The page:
Stuffed Celeriac is a dish my lovely friend Semra whips up quite often and I know exactly why. It is absolutely delicious and I am thrilled to have her recipe now.
Semra was making it last week when I visited her so it’s all documented here. Really a very quick dish to prepare. She can chop up the bits and pieces required in 15 minutes and it takes just 30 minutes to cook.
It is considered to be a ‘zeytinyağlı’ – olive oil dish. This means that it is cooked using good olive oil and it’s served at room temperature.
Turkish Dinner Party Etiquette
I asked Semra what she likes to serve when guests come for dinner. Her answer to that was that there would be mezes placed on the table, such as hummus, or haydari (a minty yogurt dip) and perhaps some crispy fried cheese pastries known as sigara boreğı. Naturally, bread will be on the table too. These starters may be served with drinks beforehand or at the very beginning of the meal.
A zeytinyağlı dish would also be placed in the middle of the table and it could be picked at, any time up to dessert. Semra was very proud to tell me that her Olive Oil dish – Stuffed Celeriac was often the star of the meal.
Each guest would be given a bowl of soup and then the main meal that may or may not have meat in it would be served, along with a pilav (rice) dish and a salad. Followed of course by some kind of sweet and later a platter of sliced fruit, possibly sprinkled with nuts and honey.
She also mentioned that when her husband was alive and they had guests, that often a few bottles of the national alcoholic drink ‘raki’ would be consumed during the evening. In this case, the soup would be served a few hours after the meal rather than before. This is used to sober people up and take away the little hunger edge that alcohol can create. We are probably talking no earlier than 2am as the Turks sure know how to party.
NIGHT CLUB CULTURE
As many who live in Turkey know, a soup kitchen can do its best trade around 3am when people start streaming out of the nightclubs. Nothing like a good işkembe – tripe soup or a ‘kelle paca’ -sheep’s head soup to get you on the road! işkembe soup is well known for being a wonderful hangover remedy.
I haven’t ventured forth and tried either of those. The smell of the Tripe Soup is not to be taken lightly and the look of the lamb’s head just does something to me. One day perhaps I will be brave enough.
THE PROVENANCE OF THE STUFFED CELERIAC DISH
Now back to the Stuffed Celeriac. This recipe actually stems from the original version of Stuffed Artichoke an extremely popular dish in Spring time in Turkey, using just the heart of the artichoke. Celeriac however, being a root vegetable has a long season and can be found for at least a good 8 months of the year in the markets in Turkey.
Of course it is also are a lot more difficult to get the artichoke heart out of the plant unless you are lucky enough to find a market where the vendor is happy to do that for you.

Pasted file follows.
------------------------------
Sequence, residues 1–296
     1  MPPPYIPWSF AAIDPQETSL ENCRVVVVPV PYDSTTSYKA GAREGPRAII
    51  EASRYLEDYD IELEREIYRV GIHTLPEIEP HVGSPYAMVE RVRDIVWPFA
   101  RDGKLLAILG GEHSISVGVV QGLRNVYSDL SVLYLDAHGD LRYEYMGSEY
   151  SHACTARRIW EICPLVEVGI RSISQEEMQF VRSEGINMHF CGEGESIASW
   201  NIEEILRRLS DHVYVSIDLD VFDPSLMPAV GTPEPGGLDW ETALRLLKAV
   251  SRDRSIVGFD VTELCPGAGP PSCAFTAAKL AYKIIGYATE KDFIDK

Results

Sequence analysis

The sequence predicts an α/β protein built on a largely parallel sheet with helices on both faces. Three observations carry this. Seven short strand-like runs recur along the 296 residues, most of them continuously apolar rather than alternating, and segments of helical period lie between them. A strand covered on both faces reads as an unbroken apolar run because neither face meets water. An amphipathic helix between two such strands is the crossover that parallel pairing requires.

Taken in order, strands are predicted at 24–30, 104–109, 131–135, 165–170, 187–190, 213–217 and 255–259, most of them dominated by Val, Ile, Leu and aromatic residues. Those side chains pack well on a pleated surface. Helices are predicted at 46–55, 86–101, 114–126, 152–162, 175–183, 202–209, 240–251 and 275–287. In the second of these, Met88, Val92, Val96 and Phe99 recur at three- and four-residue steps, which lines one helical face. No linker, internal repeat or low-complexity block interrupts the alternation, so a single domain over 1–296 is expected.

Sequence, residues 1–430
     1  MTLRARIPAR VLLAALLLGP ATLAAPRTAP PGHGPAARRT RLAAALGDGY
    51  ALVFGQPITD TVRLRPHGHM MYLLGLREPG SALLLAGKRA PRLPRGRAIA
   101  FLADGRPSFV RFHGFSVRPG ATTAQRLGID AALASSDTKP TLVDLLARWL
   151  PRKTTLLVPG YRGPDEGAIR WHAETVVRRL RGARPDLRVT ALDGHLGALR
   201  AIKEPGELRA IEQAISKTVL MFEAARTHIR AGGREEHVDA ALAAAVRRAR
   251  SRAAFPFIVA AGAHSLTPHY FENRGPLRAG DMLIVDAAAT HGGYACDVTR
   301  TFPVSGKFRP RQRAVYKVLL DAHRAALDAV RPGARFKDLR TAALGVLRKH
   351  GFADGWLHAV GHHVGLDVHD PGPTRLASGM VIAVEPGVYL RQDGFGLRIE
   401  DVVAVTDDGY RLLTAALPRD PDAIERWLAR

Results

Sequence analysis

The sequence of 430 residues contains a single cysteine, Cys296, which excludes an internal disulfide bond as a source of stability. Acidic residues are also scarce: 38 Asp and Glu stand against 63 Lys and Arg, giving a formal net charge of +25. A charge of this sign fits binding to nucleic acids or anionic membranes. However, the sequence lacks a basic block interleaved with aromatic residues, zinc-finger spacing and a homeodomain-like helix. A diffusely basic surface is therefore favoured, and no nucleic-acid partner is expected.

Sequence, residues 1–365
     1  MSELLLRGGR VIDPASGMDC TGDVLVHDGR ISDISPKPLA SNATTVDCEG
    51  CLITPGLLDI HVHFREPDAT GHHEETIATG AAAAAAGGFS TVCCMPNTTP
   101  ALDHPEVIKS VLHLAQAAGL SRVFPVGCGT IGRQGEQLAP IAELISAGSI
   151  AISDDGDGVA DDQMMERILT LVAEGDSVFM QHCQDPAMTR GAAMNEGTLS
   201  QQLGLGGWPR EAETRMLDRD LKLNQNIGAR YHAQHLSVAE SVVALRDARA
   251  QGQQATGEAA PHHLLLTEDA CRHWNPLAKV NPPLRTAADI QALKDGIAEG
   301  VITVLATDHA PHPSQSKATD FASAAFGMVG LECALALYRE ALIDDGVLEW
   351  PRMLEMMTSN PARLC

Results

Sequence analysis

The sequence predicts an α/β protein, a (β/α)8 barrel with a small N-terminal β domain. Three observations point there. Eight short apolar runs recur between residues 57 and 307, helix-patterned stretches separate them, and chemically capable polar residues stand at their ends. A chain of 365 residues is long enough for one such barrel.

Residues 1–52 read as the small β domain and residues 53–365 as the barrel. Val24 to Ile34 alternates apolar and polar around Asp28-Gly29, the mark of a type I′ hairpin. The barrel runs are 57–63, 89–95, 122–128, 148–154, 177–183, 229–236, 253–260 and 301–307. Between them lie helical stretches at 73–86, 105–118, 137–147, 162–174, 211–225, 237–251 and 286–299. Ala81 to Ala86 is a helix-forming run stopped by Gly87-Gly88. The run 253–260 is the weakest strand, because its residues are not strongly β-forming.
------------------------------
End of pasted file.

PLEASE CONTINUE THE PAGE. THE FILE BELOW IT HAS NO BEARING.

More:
I do see more and more sellers cutting the hearts out and dropping them in acidic water where they exhibit their handiwork. It is becoming more popular all the time to offer this, so perhaps the problem of doing it yourself no longer exists at all.
Artichokes will always remain a little of a luxury and the celeriac being very economical are a viable choice. The cost of one artichoke heart can set you back the equivalent of more than a kilo of celeriac. On top of that, it’s hard not to prefer this stunning combination with the exquisite flavour that celeriac brings to the dish.
Celeriac is not well known but slowly it is making it’s presence heard. The flavour of the stalks do resemble celery but the root has a more creamy, delicious flavour and a wonderful texture. It cooks quicker than carrots although it looks quite solid. If you have the opportunity to try one, it is very worthwhile.
Lastly it should be dressed with a sprinkling of dill or possibly fennel which the Turks in this area call Arapsaçı literally translated as Arabian Hair but the understanding of the word is actually a tangle, dogs’ dinner, knot, loop, confusion, mess, cock-up, woolly hair or a fuss!!
- 3 medium small celeriac, peeled and sliced into 2 thick wedges similar to an artichoke heart
- 200g peas fresh, frozen or in Turkey they often use conserved peas, drained from a tin or jar
- 1 large potato peeled and diced into small cubes
- 1 medium onion finely chopped
- 1 large carrot diced
- 2 Tbsp parsley (optional)
- ½ tsp sugar
- 100ml olive oil
- 1 lemon, halved
- 2 Tbsp washed rice
- I cup water
- 2 Tbsp dill (optional)
- Dig out the centres of the celeriac slightly to form a concave shape in which to hold the other vegetables
- Use half a lemon to rub all over the cut celeriac or place the celeriac in a shallow bowl of water with lemon squeezed in to prevent them turning brown. You can drop the squeezed lemon skin in too.
- In another bowl add the onion, potato, peas and carrot and parsley
- Chop the removed celeriac centres finely and also some stalks and leaves if desired
- Add the celeriac to the other vegetables and mix well
- Add sugar, juice of ½ lemon and mix through the vegetables
- Spoon the mixture into the celeriac circles
- Drizzle the olive oil over all
- Sprinkle the rice on top of each circle
- Add a cup of water around the celeriac
- Bring to boil gently then simmer very slowly for half an hour
- There should still be some water left in the pot when cooked
- Sprinkle dill on top to serve